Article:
The other gang I really can't stand. They think they just can't handle a sharp game. The truth is they are not really handling London that well either, its just most of the time they will get away with it because London is very solid even with the missed subtleties from white. Also the same reason why Caro is played so much these days.

LordVandheer
Laskersnephew wrote:

Almost every great player has played the London System as white. Carlsen, Nakamura, Gata Kamsky and so many more. Somehow, I don't think they were afraid to play the Queens Gambit. 

Such a weird argument. How many of these said players main London? How many of them play only London? You are giving names that has such understanding of the game they will do better than 99% of players with odds. How are these people in same category with people who use London to avoid theory?

newbie4711
ZaiFaLi wrote:

... 200-1200. Further advanced and you'll realize that Black normally knows how to defend against it.

No, that's where you're wrong.

Laskersnephew

The argument that since the best players in the world play the London it must be a decent opening seems unassailable. The assumption that people below grandmaster play the London to "avoid theory" is highly dubious.  People in the forums just like to hate on the London System because it gives them a wholly unwarranted sense of superiority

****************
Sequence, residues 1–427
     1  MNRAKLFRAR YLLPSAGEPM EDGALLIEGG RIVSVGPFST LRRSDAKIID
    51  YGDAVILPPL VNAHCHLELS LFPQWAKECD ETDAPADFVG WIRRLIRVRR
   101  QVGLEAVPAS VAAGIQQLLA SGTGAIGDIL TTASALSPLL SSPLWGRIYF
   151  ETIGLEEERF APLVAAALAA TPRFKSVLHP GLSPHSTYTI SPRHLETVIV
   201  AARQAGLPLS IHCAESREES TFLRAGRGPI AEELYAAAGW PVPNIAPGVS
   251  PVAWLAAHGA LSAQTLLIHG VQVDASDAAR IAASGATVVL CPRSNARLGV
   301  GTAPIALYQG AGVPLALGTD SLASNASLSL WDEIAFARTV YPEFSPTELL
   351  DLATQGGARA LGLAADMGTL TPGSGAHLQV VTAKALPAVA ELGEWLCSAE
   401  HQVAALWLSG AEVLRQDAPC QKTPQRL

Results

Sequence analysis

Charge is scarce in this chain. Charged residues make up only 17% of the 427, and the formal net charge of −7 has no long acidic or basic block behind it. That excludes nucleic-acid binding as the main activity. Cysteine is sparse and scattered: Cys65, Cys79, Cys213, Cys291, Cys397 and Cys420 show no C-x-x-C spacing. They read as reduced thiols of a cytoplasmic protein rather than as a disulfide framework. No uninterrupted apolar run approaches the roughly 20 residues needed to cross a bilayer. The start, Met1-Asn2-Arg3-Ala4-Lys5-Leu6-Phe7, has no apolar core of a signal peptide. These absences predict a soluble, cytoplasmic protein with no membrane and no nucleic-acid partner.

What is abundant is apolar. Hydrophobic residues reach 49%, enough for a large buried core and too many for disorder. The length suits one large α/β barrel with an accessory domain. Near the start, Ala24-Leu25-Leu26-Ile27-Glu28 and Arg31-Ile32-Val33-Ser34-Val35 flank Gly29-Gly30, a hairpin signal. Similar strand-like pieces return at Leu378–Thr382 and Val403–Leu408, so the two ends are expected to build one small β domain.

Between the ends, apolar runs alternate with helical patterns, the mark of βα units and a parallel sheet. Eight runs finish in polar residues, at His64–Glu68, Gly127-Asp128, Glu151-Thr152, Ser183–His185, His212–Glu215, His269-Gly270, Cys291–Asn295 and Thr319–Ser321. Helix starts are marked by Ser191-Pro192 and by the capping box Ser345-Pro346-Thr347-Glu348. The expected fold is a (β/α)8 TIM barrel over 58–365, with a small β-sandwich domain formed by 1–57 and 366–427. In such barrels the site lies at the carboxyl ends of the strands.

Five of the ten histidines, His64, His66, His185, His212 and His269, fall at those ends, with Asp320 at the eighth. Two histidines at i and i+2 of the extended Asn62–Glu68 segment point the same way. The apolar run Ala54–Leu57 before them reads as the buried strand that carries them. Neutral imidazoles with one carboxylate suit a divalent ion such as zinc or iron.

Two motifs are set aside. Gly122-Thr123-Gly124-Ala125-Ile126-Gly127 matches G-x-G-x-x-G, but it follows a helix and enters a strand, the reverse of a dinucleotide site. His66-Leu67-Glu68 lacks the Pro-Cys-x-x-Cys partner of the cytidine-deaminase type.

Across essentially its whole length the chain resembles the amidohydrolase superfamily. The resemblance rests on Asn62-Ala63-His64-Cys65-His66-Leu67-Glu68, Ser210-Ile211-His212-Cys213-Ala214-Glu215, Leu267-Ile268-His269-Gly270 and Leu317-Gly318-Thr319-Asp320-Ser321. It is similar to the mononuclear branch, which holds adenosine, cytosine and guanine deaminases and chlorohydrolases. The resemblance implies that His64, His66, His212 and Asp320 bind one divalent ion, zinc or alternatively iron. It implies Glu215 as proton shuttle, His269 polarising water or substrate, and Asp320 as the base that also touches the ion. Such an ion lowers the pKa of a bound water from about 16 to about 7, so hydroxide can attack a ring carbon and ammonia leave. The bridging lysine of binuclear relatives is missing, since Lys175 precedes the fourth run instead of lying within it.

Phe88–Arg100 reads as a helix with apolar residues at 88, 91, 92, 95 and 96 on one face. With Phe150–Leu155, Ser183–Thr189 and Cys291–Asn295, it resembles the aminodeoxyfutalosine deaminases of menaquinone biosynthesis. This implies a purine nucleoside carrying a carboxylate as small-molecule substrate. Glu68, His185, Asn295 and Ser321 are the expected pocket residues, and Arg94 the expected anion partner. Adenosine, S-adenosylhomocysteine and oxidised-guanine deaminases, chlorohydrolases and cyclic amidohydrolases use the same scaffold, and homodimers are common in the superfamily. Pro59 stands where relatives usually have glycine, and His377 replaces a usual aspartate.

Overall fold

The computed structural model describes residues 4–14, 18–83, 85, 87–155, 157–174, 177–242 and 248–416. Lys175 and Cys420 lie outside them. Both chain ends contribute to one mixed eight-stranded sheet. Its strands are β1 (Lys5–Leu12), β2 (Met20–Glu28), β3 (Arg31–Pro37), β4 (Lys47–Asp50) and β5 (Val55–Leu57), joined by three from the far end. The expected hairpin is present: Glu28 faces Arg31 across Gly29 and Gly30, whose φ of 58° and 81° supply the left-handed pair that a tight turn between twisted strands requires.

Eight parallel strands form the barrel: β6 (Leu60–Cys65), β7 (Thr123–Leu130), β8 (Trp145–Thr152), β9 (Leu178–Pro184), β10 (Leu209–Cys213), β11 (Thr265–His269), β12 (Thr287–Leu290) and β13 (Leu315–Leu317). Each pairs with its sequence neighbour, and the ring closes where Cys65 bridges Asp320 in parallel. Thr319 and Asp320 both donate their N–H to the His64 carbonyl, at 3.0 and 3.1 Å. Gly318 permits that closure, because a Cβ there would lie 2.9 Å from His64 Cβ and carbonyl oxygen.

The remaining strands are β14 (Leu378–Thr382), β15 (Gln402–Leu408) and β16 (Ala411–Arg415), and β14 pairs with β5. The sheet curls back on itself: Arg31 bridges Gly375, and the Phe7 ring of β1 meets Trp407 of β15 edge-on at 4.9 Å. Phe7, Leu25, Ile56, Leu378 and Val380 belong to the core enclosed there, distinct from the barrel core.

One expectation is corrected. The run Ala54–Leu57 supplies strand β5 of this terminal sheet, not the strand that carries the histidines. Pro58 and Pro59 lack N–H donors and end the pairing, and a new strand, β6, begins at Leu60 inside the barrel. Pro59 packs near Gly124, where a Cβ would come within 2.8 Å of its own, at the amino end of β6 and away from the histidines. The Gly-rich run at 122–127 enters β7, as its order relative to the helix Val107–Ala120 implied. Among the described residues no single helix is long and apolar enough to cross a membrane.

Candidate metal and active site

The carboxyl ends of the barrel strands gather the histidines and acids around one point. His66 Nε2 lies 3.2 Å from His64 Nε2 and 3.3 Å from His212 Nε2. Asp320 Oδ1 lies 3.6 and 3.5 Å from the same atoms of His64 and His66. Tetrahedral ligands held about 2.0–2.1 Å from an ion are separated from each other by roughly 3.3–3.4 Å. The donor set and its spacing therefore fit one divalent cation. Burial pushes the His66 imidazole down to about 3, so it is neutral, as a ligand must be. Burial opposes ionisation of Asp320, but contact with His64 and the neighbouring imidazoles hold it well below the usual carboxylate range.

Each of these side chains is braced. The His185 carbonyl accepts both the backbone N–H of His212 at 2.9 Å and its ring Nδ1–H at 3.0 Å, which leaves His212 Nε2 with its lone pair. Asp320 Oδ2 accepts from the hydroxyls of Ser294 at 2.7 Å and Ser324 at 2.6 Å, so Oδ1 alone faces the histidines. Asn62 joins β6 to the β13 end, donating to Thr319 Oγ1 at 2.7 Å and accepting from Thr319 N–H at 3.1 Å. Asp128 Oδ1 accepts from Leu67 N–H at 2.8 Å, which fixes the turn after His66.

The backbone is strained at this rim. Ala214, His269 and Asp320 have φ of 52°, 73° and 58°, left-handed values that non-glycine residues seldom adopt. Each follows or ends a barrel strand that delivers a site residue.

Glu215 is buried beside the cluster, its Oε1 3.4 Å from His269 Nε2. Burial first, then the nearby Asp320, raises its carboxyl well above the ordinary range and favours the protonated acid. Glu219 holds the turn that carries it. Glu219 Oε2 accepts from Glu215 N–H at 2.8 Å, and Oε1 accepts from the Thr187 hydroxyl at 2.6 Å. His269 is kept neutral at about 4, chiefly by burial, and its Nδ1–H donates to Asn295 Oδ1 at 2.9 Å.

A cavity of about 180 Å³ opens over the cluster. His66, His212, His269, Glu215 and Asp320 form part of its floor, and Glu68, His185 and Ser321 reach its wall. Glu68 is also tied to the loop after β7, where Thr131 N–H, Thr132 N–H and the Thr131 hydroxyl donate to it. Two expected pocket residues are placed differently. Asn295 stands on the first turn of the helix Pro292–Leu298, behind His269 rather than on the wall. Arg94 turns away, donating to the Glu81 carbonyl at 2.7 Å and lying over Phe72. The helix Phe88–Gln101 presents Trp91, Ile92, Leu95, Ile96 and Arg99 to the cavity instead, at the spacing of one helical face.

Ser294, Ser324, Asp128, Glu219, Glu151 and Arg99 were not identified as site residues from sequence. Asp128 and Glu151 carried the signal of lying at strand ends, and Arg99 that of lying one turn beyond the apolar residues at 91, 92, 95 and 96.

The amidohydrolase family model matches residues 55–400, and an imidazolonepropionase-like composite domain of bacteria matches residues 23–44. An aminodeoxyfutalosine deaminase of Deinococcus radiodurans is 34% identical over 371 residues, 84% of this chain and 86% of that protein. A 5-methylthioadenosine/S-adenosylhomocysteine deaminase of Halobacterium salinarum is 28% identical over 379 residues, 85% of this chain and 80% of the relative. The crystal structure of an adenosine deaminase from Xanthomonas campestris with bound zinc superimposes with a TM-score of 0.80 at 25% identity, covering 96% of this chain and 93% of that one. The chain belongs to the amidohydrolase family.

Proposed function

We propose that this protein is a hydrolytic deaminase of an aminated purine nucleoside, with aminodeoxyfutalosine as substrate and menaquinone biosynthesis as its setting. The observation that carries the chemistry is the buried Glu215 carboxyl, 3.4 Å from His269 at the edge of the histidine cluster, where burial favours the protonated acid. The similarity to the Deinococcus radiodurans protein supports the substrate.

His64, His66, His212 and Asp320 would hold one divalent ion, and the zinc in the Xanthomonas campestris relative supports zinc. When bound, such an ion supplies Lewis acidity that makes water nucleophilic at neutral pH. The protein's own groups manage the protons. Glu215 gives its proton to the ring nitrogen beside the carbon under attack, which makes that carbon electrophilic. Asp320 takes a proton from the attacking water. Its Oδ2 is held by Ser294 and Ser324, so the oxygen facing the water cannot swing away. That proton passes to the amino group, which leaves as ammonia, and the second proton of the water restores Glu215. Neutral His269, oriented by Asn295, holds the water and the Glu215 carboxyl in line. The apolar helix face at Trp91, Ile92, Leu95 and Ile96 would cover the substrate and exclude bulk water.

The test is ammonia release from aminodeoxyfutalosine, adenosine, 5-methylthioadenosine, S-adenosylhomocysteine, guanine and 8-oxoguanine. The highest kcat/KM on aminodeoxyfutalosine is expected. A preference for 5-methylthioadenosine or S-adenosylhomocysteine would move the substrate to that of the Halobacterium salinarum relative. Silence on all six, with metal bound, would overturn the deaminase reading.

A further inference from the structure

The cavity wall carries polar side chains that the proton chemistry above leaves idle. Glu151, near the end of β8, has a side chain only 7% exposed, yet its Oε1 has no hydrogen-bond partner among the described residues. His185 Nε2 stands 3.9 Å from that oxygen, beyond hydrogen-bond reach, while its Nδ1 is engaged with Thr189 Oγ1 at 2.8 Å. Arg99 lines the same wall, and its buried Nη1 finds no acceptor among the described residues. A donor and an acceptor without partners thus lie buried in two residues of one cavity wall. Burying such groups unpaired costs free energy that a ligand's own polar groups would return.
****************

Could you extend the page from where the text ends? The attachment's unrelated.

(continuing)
dpnorman
ZaiFaLi wrote:

The London System is a good opening strategy for beginners around 200-1200. Further advanced and you'll realize that Black normally knows how to defend against it.

Really? I've beaten, let's see here, five masters with the London in rated tournaments, as well as two others who have since become masters (one of whom will be a GM by the end of this year most likely). This was 5+ years ago, but still, it's not like white just rolls over and dies if black is a reasonably strong player.

I don't think I've ever *recommended* the London system to a student exactly, but I have some who play it and I don't ask them to change that, because it's definitely a playable opening at just about all levels.

I think if you're a super-GM you probably can't start every game with 1. d4 2. Bf4 and expect to get wins with white consistently over other super-GMs. But the same goes for almost anything actually; hence why players of that strength tend to vary their openings a bit.